One participant recounted how he had ‘tricked’ the machine to enable him to come off in a controlled way:
I’d started dialysis, and the batch was going to run out, and it ran out, but I couldn’t set the machine to come off. It had alarmed, I’d done all the stuff to cancel the alarm, but because it couldn’t reset itself it then kept alarming. So, what I did was, I thought, at the beginning this is all full of saline, and not full of dialysate. I thought, why don’t I just put saline in it, and trick it into thinking that the batch is still there and made up? So, what I did was I got a 60 mil syringe, filled it with saline, and connected it to the dialysate line. So, then when it tried to reset its alarms and everything it was just drawing in saline from the syringe, so that I could then sort it all out to come off. […] I managed to sort it out so that I could come off, otherwise I would have lost a whole circuit of blood.[…] I also wouldn’t have got any information from the machine as to how long I did, how many litres of dialysate I’d actually done. (P16)
Other participants reported taking actions that improve their quality of life while possibly compromising safety. For example, C2 speeds up the machine at the beginning and end of dialysis so that the patient can get through the process faster:
The wash-back… increases, you know, just to get it… yes, just to make things easier for [P2], you know. Because, you know, at the end he’s very, very tired and he wants to get off as quickly as possible (C2)
Taking a different focus on comfort, P8 dialyses on her verandah, even though that requires her to have a patio heater to keep the dialysate at the required temperature. These are examples of patients thinking beyond ‘best practice’ of dialysis to achieve broader goals of personal wellbeing.
These findings about how patients and carers learn how to dialyse at home, use the HHD technology, and stay safe highlight areas for potential improvement in the design and delivery of HHD, including the design of the machine, channels of communication with specialist nurses and technicians, and the broader socio-technical system. In this section, we draw out design requirements that have been highlighted through this study. These requirements are summarised in Table 3. Some of these are addressed by current technologies; others require further developments. There is no single solution that is optimal for all; for example, size of machine and quality of dialysis may need to be traded off against each other.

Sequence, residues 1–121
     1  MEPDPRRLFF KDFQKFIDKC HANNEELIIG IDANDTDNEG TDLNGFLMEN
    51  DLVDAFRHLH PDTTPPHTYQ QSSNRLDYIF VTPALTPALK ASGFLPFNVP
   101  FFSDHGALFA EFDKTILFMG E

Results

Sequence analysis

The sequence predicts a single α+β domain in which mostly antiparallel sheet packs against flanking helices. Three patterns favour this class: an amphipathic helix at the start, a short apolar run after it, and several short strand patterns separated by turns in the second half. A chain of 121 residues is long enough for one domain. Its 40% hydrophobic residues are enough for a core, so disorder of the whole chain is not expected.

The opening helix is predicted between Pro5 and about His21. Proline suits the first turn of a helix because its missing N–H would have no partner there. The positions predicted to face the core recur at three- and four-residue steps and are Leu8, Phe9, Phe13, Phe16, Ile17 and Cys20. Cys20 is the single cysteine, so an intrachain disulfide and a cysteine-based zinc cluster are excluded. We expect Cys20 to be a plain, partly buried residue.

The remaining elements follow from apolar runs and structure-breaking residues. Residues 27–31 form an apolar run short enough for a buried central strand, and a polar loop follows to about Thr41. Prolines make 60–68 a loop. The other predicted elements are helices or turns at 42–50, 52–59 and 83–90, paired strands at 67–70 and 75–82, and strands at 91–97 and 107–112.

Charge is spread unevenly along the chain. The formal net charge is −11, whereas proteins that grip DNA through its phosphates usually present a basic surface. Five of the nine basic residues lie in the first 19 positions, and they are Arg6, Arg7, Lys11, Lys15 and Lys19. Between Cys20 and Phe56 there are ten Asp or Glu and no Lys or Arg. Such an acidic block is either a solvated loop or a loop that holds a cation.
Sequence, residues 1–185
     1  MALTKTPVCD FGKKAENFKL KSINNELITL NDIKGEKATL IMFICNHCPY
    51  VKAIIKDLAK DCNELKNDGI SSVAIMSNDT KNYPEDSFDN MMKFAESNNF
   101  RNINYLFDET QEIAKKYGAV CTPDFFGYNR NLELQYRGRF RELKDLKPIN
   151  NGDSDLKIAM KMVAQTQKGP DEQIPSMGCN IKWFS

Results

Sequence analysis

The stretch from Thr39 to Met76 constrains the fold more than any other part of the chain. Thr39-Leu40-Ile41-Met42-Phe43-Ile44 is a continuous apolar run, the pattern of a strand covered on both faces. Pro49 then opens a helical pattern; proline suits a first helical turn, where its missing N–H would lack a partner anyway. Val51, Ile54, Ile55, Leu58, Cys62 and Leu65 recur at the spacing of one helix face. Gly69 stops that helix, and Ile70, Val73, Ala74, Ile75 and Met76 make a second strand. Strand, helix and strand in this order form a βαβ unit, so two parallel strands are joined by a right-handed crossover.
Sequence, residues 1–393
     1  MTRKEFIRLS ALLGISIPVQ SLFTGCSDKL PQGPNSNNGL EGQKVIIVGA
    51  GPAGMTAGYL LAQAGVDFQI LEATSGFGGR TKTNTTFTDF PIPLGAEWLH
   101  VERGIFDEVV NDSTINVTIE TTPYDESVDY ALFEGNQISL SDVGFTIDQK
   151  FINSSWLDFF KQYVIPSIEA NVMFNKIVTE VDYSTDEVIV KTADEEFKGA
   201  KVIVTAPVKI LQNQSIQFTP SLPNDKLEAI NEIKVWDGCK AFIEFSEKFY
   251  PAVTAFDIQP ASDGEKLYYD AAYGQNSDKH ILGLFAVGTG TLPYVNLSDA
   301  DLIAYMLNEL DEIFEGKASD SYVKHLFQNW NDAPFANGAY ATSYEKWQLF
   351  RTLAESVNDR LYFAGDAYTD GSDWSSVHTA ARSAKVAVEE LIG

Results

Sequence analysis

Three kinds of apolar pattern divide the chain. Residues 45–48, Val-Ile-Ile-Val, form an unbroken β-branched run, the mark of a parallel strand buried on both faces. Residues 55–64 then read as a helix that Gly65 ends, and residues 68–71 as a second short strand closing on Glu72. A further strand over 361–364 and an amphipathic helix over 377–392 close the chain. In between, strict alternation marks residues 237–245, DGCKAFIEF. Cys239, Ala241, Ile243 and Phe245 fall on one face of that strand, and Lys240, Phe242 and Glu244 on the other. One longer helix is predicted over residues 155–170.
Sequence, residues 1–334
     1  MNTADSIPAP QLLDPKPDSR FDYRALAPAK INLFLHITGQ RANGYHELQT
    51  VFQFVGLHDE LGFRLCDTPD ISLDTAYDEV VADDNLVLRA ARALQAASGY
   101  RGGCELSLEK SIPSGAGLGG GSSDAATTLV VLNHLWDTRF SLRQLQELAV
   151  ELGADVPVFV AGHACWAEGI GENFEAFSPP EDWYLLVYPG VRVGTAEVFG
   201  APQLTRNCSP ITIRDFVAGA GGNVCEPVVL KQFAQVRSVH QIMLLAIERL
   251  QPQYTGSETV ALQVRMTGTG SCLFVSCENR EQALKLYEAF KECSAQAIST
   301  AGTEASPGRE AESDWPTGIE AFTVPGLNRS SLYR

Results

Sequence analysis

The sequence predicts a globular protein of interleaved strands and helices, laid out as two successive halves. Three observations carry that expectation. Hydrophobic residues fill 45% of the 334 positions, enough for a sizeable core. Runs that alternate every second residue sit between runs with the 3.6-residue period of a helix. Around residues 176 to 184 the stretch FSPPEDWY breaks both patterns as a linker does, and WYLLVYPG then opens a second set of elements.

Some issues relate to the learnability and usability of the machine. The interface design of HHD technology can contribute to a smooth learning experience for the patient. For example, one machine in this study provided contextual information to the patient and walked the patient through step by step for many tasks. There is no need to overload the patient with information during the training: they can continue learning at home through the technology. This also helps them to deal with situations that happen very rarely, which may have been learnt but then forgotten.
Where possible, the technology should display possible causes and solutions, instead of just stating that there is a problem. The patient experience could also be improved by having messages that do not contain technical terms and are simpler to understand. One of the machines that featured in this study had an alarm indicator that showed whether to call a nurse or a technician for guidance on how to solve the problem, which patients found helpful.
As well as walking the patient through, the technology could be designed to help patients and carers coordinate phases of treatment and remind them of steps to be performed. This includes not just steps with the machine but also steps for phases of treatment that they need to coordinate themselves. An example would be having a physical placeholder for organising items that are needed during dialysis. As noted above, the problem most frequently reported by participants was forgetting to open (or close) all clamps, so a way of simplifying this process would probably be the greatest ‘win’ from a patient’s perspective. Providing reminders might extend beyond a single treatment to activities that need to be performed periodically; for example, some systems prompt the patient when the filter in the machine needs changing, or when disinfection should be carried out. This avoids patients having to keep track of these requirements themselves.